To be up the creek means to be in a prickly predicament with no means of alleviating the problem. Up the creek is actually only half of the idiom. The full idiom is up the creek without a paddle, though it is often shortened to simply up the creek. Another iteration of the phrase involves a slang scatological word. The origin of the phrase up the creek without a paddle is murky. The first examples of the term up the creek are found in the 1860s in America, especially with the addition of the slang scatological word.
Up a creek is a variation of up the creek, which surely began as a mishearing of the term up the creek without a paddle.
$1.2m fine threat leaves regeneration project up the creek (The Australian)
Finally, if a car dealer approaches you with a better deal, make sure you look at it from every angle before signing on the dotted line, and only accept if it won’t make such a vast difference to the guaranteed final value that it’ll leave you up the creek without a paddle when it comes time to part exchange. (The Telegraph)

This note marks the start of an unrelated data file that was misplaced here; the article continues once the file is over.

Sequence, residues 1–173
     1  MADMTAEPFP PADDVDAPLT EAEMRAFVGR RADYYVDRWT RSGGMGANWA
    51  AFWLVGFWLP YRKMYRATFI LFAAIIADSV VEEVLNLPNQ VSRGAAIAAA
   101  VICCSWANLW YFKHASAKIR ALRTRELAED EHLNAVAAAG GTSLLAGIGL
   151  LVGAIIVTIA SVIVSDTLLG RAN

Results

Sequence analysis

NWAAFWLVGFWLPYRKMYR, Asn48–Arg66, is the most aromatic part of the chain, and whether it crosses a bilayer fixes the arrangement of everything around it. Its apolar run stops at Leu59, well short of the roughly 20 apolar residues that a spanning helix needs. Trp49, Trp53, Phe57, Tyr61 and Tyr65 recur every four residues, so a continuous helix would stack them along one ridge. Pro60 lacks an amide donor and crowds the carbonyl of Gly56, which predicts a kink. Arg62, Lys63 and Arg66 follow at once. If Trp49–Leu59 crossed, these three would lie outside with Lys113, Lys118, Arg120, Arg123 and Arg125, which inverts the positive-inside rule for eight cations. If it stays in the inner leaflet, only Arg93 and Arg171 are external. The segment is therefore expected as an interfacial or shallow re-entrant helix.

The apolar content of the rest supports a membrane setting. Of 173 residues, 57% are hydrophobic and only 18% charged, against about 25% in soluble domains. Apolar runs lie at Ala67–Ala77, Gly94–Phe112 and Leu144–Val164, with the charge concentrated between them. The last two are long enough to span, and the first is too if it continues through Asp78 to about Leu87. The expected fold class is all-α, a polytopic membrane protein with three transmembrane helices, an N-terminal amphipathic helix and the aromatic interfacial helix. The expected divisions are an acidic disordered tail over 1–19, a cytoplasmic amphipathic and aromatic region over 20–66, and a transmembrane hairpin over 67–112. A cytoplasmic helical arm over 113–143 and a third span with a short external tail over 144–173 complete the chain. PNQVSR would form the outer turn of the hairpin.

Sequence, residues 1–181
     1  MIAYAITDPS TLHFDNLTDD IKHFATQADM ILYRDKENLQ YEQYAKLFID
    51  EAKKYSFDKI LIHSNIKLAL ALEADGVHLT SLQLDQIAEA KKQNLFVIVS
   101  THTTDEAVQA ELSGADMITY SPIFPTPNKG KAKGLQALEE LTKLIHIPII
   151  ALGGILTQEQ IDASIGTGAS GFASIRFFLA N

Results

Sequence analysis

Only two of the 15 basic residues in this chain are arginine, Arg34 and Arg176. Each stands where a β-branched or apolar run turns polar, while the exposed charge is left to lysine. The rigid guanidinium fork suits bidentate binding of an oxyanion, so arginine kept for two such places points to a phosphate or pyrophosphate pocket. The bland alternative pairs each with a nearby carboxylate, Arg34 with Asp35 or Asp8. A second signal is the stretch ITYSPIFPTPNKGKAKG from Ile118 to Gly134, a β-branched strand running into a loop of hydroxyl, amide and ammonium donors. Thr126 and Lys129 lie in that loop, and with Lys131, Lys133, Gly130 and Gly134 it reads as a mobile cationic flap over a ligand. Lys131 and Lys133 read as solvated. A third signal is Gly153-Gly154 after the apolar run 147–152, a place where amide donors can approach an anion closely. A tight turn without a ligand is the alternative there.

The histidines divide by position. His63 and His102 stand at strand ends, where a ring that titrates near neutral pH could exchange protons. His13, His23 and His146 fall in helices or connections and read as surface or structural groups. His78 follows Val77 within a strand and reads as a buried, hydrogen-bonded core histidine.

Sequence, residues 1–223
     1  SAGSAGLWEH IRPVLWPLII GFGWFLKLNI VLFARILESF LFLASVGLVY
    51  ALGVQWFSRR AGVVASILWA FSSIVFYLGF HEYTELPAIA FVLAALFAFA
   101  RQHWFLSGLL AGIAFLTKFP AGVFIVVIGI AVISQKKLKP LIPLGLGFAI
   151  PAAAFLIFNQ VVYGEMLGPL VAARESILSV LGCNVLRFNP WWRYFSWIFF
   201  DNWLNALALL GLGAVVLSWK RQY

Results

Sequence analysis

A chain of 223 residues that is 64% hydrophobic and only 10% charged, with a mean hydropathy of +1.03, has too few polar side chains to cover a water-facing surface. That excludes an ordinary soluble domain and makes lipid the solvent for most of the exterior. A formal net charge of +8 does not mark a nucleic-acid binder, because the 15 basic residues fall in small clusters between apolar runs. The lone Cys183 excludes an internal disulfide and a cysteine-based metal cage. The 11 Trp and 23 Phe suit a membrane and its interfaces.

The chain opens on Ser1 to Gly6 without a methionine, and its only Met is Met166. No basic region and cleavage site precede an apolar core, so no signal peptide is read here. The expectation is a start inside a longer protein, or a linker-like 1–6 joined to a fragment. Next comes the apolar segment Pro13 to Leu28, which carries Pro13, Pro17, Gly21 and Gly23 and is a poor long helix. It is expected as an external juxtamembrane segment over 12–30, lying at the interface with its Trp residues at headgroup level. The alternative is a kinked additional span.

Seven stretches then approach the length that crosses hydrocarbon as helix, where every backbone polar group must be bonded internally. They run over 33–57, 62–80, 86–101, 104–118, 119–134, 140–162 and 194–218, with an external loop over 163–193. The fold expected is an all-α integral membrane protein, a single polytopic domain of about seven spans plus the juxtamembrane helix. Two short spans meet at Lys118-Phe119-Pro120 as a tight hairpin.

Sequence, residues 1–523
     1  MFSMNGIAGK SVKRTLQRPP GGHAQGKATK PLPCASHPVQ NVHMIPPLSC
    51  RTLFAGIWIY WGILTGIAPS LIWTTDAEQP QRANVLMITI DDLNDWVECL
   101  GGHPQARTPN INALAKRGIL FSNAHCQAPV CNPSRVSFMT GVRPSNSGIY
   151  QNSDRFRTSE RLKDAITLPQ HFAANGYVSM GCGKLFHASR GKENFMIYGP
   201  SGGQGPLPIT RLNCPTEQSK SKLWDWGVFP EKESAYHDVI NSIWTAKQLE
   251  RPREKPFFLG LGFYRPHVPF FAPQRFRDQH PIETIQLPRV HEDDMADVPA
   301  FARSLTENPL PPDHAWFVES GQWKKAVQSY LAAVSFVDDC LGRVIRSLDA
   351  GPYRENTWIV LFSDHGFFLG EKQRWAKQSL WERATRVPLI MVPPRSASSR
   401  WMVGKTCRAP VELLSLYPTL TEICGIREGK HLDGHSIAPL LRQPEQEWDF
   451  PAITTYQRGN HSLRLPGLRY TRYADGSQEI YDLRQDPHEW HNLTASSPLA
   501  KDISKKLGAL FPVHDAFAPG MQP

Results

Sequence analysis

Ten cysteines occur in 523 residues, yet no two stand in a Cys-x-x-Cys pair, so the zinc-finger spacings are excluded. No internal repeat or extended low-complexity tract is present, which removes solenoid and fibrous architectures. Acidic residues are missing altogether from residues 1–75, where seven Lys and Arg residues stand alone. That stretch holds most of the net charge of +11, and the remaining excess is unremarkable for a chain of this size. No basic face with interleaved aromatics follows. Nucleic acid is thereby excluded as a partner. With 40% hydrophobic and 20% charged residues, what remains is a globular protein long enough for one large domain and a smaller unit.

“Without the $25 million we’d be up the creek without a paddle,” said McKoy. (The Paterson Times)
Somebody better get the power back on soon, or you and your family are going to be up the creek. (The Bristol Herald Courier)
His first “dream team” recruit: F. Lee Bailey (Nathan Lane), who arrives with legal advice and a suitcase full of crackling one-liners: “You’re sure up the creek in high-grade manure.” (Variety)
When I was diagnosed in 2013, I had just signed a contract with the Opera House for Dirty Dancin in Le Shebeen and I felt as though I was up the creek without a paddle. (The Belfast Telegraph)
Houseboats in Sydney up a creek without a paddle (The Straits Times)